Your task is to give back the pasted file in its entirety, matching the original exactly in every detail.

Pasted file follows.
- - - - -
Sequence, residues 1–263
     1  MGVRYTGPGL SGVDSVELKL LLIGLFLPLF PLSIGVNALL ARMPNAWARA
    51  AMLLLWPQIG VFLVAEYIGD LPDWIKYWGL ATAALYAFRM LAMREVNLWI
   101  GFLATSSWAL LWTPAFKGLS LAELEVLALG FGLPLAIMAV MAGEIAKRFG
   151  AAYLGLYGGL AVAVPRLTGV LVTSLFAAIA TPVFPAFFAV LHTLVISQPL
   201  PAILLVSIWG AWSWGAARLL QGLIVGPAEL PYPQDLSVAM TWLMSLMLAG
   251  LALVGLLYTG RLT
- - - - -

Sequence, residues 1–263
     1  MGVRYTGPGL SGVDSVELKL LLIGLFLPLF PLSIGVNALL ARMPNAWARA
    51  AMLLLWPQIG VFLVAEYIGD LPDWIKYWGL ATAALYAFRM LAMREVNLWI
   101  GFLATSSWAL LWTPAFKGLS LAELEVLALG FGLPLAIMAV MAGEIAKRFG
   151  AAYLGLYGGL AVAVPRLTGV LVTSLFAAIA TPVFPAFFAV LHTLVISQPL
   201  PAILLVSIWG AWSWGAARLL QGLIVGPAEL PYPQDLSVAM TWLMSLMLAG
   251  LALVGLLYTG RLT